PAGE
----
The first two volumes of this compendium concert series, presented separately in their own Amray cases, offer forth a nice array of classic rock tunes for the nostalgia-rabid, concert-loving boomer or, alternately, the ones that didn’t/couldn’t get out of their house and down to their local venue at the time.
While James Brown, Little Richard, Elvis Presley and (to a much lesser extent) the Beatles were tearing up the charts but also catching head-on flak for corrupting the country’s minors, many artists here (the baby-faced Bobby Vee, for instance, and Tommy Sands, derided by edgier deejays for years as “Tommy Blands”) were viewed as safe, relatively wholesome alternatives — proof that rock ’n’ roll wasn’t going to completely unravel the moral fabric of America. While cover groups like The Diamonds (“Why Do Fools Fall in Love,” “Church Bells Are Ringing”) could never be accused of being ground-breakingly original, they were certainly a solid act in their heyday, and their presence here — alongside highly skilled and under-regarded craftsmen like The Crickets, who would continue to perform as a collective after the tragic death of frontman Buddy Holly — is certainly welcome and not entirely unwarranted.
The first volume, housed behind a turquoise jukebox slipcover, contains, among other acts, The Coasters and Del Shannon, The Tokens, Jive Five and The Dixie Cups alongside the aforementioned Sands. Of these, it’s probably the Coasters (“Yakety Yak,” “Young Blood”) and the Tokens (the amusingly forthrightly-titled and double-edged “Tonight I Feel I’m in Love” as well as “The Lion Sleeps Tonight,” which still holds up) that come across best, though there’s a soft spot in my heart as well for the Dixie Cups’ “Chapel of Love,” which was a favorite song of an aunt of mine.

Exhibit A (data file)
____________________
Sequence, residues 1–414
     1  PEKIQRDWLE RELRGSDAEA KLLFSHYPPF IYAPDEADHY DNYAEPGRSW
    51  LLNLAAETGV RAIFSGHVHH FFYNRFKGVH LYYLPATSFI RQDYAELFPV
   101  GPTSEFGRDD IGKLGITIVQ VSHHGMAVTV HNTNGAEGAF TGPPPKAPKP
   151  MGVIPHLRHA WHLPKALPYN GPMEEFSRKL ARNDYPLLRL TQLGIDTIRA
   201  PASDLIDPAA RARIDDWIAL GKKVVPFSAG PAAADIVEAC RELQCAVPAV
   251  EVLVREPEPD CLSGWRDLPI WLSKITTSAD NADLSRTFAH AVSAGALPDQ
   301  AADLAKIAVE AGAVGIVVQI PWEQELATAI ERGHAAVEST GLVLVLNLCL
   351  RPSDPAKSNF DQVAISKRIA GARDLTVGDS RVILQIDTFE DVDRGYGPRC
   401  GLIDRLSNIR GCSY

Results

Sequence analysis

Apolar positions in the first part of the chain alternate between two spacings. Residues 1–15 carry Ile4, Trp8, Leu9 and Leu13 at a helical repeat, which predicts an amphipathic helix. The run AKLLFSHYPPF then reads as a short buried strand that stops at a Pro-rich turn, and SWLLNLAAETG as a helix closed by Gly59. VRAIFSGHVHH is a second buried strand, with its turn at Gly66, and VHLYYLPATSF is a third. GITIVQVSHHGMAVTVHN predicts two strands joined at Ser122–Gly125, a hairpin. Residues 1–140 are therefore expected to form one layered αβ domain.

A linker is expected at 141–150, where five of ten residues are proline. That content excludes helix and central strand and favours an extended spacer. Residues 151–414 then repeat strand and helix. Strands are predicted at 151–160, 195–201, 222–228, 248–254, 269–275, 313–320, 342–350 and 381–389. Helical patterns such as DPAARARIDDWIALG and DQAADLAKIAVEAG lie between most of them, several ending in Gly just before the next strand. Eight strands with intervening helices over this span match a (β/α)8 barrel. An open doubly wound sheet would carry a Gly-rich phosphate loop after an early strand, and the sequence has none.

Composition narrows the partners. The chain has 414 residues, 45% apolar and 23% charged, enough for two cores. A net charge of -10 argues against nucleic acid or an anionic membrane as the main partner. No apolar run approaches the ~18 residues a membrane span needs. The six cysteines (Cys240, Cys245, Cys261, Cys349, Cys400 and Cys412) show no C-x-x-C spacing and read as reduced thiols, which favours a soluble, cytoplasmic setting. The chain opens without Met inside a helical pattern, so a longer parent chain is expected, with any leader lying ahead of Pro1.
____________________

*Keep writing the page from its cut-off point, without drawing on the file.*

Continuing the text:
The second volume, mirroring the cover of the first release but with pea-green shading, kicks off with Sands, who cycles through “Teenage Crush” and “The Beat Goes On.” Ex-Drifter Johnny Thunder (a less frequently mentioned inspiration for Eddie Murphy’s James “Thunder” Early in Dreamgirls, but part of the amalgamation, alongside James Brown and Little Richard) scores with “Suzi Q” and “Loop de Loop,” followed by the previously mentioned Vee, the Diamonds, the little known Johnny Tillotson (“Earth Angel,” “It Keeps Right on Hurting”), inarguable highlight the Crickets (“That’ll Be the Day,” “Peggy Sue”) and saxophonist show closer Ace Cannon.
Recorded at the Rock ’n’ Roll Palace in